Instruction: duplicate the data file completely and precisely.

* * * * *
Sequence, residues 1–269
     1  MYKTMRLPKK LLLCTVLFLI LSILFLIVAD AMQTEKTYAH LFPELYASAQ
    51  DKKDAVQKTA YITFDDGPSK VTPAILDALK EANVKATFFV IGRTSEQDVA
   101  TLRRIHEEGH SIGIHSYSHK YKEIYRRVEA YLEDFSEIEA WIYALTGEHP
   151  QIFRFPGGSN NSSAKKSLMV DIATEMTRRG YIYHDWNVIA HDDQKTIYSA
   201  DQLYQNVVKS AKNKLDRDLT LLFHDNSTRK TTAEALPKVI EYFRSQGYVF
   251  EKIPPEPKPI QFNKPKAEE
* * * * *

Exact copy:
Sequence, residues 1–269
     1  MYKTMRLPKK LLLCTVLFLI LSILFLIVAD AMQTEKTYAH LFPELYASAQ
    51  DKKDAVQKTA YITFDDGPSK VTPAILDALK EANVKATFFV IGRTSEQDVA
   101  TLRRIHEEGH SIGIHSYSHK YKEIYRRVEA YLEDFSEIEA WIYALTGEHP
   151  QIFRFPGGSN NSSAKKSLMV DIATEMTRRG YIYHDWNVIA HDDQKTIYSA
   201  DQLYQNVVKS AKNKLDRDLT LLFHDNSTRK TTAEALPKVI EYFRSQGYVF
   251  EKIPPEPKPI QFNKPKAEE